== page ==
Eat Fat to Burn Fat
- When people eat less fat, they tend to eat more starch or sugar instead, and this actually increases their levels of dangerous
cholesterol, the small, dense cholesterol that causes heart attacks.
- Any excess carbohydrates that the body doesn’t immediately use for energy is converted to fat to be stored for future energy.
- If you are constantly feeding your body quick energy in the form of carbs, it never taps into this stored energy (fat) and fat accumulates.
- Any extra fats consumed at that point are also stored as fat since the body is burning its quick and easy form of fuel from
carbohydrates. In this way, it is much more logical to understand that excess carbohydrates, not excess fats, cause weight gain.
- Eating good fat increase the fat-burning hormone adinopectin that enhances your metabolism to burn fats and curb your appetite.
The Benefits of Medium-Chain Fatty Acids
Coconut oil is about 2/3 medium-chain fatty acids (MCFAs), also called medium-chain triglycerides or MCTs. Coconut oil is nature’s richest source of these healthy MCFA’s. Benefits of MCFA’s are:
- MCFAs are smaller. They permeate cell membranes easily, and do not require special enzymes to be utilized effectively by your
- MCFAs actually help stimulate your body’s metabolism, leading to weight loss.
Coconut oil is rich is lauric and caprylic acid. These power house fatty acids have antifungal, antibacterial and antiviral effects.
Palm oil has carotenoids, a wonderful antioxidant that’s a precursor to vitamin A. This type of oil is 15 times richer in beta-carotene than carrots and is also high in vitamin E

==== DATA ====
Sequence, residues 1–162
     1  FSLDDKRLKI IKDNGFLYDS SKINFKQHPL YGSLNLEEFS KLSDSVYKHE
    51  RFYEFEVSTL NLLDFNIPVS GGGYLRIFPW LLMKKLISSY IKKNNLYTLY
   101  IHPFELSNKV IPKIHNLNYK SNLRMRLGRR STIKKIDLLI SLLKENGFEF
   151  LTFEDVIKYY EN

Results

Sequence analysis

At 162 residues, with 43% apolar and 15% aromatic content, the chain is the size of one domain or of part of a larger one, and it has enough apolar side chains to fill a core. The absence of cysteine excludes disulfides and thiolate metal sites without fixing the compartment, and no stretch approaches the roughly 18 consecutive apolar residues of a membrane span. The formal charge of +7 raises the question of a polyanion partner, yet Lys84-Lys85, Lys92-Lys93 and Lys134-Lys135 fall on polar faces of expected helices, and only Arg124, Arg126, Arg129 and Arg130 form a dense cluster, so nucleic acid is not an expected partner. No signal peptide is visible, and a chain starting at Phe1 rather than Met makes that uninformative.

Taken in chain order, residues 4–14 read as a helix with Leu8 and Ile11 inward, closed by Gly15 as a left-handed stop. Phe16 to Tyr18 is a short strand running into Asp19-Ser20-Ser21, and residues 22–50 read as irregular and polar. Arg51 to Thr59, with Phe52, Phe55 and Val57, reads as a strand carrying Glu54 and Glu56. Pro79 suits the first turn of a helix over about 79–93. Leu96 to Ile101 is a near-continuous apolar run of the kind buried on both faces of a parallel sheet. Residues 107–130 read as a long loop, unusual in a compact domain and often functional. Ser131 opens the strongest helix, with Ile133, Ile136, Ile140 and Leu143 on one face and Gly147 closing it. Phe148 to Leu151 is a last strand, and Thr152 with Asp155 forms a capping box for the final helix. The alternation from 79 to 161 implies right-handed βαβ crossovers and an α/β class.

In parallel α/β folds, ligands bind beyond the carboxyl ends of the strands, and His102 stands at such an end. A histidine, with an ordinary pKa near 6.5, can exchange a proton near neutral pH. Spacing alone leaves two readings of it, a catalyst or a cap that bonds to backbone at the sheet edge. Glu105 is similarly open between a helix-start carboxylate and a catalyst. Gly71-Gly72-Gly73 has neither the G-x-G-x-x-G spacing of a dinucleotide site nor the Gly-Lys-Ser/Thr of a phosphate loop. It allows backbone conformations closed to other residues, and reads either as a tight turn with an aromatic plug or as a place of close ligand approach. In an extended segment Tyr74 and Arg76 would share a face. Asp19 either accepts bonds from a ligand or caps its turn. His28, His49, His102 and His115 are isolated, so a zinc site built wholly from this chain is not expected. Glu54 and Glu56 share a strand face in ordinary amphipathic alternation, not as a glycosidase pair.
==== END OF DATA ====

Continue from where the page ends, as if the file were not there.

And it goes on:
What are the best fats to use for cooking?
Unsaturated fats, especially polyunsaturated fats, contain many double bonds and react with oxygen during high heat cooking; they form toxic byproducts and go rancid. For high-heat cooking, saturated fats like coconut oil, palm oil, butter, ghee are the best choice because they are more stable and don’t react with oxygen as easily.
Healthy Fats to focus on:
- Avocados – add them into smoothies, salads , salad dressings or as snack with some sunflower seeds
- Nuts – walnuts, almonds, pecans, macadamia nuts (high in Vitamin E which is an antioxidant)sprinkle on salads, add to
smoothies, eat them as a snack (1 oz)m use them as crust or fish or meats.
- Nut butters like almond butter, sunflower seed butter (add to smoothies, salad dressings, as snack on rice cake or with fruit)
- Seeds – pumpkin, sesame, chia, hemp (high in omega-3) (add to smoothies, sprinkle on salad , add to salad dressings)
- Fatty fish, including sardines, mackerel, herring, and wild salmon that are rich in omega-3 fats. Add to salads , eat them with avocado
- Extra virgin olive oil (cold pressed ) drizzle on salads, use as salads dressings,
drizzle on cooked vegetable
- Enjoy grass fed or sustainably raised animal products (I recommend the Environmental Working Group’s Meat Eater’s Guide to eating good quality animal products that are good for you and good for the planet).
- Eat whole eggs – use them for an egg salad, on salads , sauces
- Saturated fat like extra virgin coconut oil, Grass-fed butter , palm oil and Ghee (clarified butter) – for high heat cooking , add to smoothies, salad dressing
Look for a reputable supplement maker that certifies its products are free of mercury and other contaminants .Choose a
supplement with 500 to 1,000 milligrams of omega-3 fats (a ratio of roughly 300 EPA and 200 DHA is ideal).
If you are vegan, you can use Udos’ oil which is combination of all essential fatty acids( 3,6,9).